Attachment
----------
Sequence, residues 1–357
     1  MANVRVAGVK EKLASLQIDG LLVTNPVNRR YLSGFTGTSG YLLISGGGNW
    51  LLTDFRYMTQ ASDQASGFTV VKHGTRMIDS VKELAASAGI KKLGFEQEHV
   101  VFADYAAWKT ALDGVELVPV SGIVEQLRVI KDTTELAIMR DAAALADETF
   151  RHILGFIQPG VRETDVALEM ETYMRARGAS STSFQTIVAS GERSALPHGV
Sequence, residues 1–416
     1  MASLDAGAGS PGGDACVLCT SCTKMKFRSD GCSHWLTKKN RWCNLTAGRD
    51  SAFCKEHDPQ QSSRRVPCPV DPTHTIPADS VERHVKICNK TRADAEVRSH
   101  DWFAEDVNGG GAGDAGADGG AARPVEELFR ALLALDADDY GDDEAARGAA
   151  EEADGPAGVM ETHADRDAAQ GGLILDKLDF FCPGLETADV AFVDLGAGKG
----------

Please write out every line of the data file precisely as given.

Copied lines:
Sequence, residues 1–357
     1  MANVRVAGVK EKLASLQIDG LLVTNPVNRR YLSGFTGTSG YLLISGGGNW
    51  LLTDFRYMTQ ASDQASGFTV VKHGTRMIDS VKELAASAGI KKLGFEQEHV
   101  VFADYAAWKT ALDGVELVPV SGIVEQLRVI KDTTELAIMR DAAALADETF
   151  RHILGFIQPG VRETDVALEM ETYMRARGAS STSFQTIVAS GERSALPHGV
Sequence, residues 1–416
     1  MASLDAGAGS PGGDACVLCT SCTKMKFRSD GCSHWLTKKN RWCNLTAGRD
    51  SAFCKEHDPQ QSSRRVPCPV DPTHTIPADS VERHVKICNK TRADAEVRSH
   101  DWFAEDVNGG GAGDAGADGG AARPVEELFR ALLALDADDY GDDEAARGAA
   151  EEADGPAGVM ETHADRDAAQ GGLILDKLDF FCPGLETADV AFVDLGAGKG